Union complains of Cranswick’s ‘aggressive’ treatment of its workers‘

By Lorraine Mullaney

- Last updated on GMT

Related tags: Trade union

Cranwick denied its butchers face a pay cut of 20%
Cranwick denied its butchers face a pay cut of 20%
Union leaders are taking legal advice after workers at Cranswick’s East Yorkshire food factory walked out in a row over working terms and conditions.

Dave Oglesby of Britain’s general union GMB told FoodManufacture.co.uk: “I’ve been a union rep for eight years and I’ve never seen a company be so aggressive towards its workers.”

Cranswick undertook a 30-day consultation process with its employees and the GMB union. After this time, 12 weeks notice was given of the termination of the current contract of employment and an offer of re-engagement was made under new terms and conditions. This becomes effective on October 1. 

“We’re taking advice from our lawyers over whether this constitutes unfair dismissal,”​ said Oglesby. “A contract of employment requires agreement between two parties to change it.”

About 78 butchers picketed the site yesterday (August 30). They face a pay cut of 20% and haven’t had a pay rise for 10 years, according to Oglesby.

Chris Aldersley, the plant’s md, told FoodManufacture.co.uk: “I completely disagree with that statement. They’re paid on an element of throughput so they have taken more money home. They’re taking a headline figure with their overtime included. And these are the same people who say they don’t want overtime.”

Work harder and faster

Oglesby said Cranswick introduced automation and efficiency measures that were raising safety concerns for staff at the site.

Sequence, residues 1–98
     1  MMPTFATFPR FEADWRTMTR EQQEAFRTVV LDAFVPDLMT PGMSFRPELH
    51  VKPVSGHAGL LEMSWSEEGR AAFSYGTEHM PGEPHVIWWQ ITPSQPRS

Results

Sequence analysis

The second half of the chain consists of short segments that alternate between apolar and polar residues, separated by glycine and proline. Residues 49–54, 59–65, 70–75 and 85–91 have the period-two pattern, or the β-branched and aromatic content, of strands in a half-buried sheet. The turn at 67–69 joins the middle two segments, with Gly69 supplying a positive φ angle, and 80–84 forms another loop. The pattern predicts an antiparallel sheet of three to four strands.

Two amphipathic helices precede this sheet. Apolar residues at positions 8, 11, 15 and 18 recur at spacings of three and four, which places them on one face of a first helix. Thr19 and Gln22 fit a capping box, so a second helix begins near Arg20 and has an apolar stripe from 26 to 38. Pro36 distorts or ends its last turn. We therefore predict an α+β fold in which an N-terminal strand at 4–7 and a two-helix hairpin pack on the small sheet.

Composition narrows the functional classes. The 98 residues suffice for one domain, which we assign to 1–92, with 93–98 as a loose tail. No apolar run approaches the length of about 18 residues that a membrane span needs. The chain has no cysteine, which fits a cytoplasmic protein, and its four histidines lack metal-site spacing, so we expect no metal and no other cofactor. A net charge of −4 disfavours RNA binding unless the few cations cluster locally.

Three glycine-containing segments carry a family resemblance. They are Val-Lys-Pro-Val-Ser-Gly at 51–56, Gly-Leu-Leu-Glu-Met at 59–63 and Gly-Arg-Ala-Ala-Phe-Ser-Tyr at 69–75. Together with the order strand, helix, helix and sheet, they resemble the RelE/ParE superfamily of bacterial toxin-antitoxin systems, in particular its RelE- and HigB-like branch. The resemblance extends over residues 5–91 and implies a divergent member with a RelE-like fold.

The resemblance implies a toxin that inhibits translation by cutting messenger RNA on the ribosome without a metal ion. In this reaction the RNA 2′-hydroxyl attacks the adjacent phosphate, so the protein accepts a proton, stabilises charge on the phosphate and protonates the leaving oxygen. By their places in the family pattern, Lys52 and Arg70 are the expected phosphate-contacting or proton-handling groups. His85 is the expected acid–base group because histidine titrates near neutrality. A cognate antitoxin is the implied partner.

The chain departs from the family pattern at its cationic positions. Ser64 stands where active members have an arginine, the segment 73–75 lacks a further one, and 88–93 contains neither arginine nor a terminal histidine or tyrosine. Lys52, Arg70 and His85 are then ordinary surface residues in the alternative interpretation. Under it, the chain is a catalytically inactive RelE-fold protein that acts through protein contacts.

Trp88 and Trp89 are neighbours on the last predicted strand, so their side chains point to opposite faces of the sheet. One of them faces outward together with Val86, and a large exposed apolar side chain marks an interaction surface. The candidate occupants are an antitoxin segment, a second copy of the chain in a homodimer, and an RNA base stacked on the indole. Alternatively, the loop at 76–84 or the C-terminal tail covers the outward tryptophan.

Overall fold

Management has built new extensions to the factory and changed the way the lines are laid out to achieve more productivity.

Aldersley said: “Cranswick has invested heavily in the Preston facility in order to safeguard the future of the plant and its excellent workforce. This is in stark contrast to much of the country’s meat processing industry, which is experiencing great difficulties.”

But Oglesby says employees now have to work much faster to keep up with the line speeds, which is raising safety issues.

“There’s been an increase in butchers getting cuts on their hands because they’re being asked to work so much faster – like machines,”​ said Oglesby.

“There’s fatigue and stress issues too. One chap collapsed on the line a couple of weeks ago.”

Aldersley said: “We operate very high health and safety standards, we had the ​[Health and Safety] executive here only yesterday. Staff have more working space than they had before and individual throughput is lower per line than it was before. Full risk assessments have been carried out.”

Oglesby said: “The overriding threat is that if butchers aren’t working to the correct speed and standard they will cut their pay even further.”

Workers now have to put their name on a list if they want to go to the toilet, he said.

'Saving jobs'

He said: “Management has taken the position that they’re saving jobs but during the consultation we didn’t discuss job security and job losses. Its about implementing more efficient working.”

Oglesby says strike action was the last resort.

“This is not where we want to be,​ he said. "From a union point of view, we want to reach an agreement. The picket line was the only option we were left with. We feel like we’re backed into a corner.”

Aldersley said: “We’ve been in an open dialogue. We’ve been here all along. There’s an element of reality in what we’re paying but our rates are still extremely competitive.”

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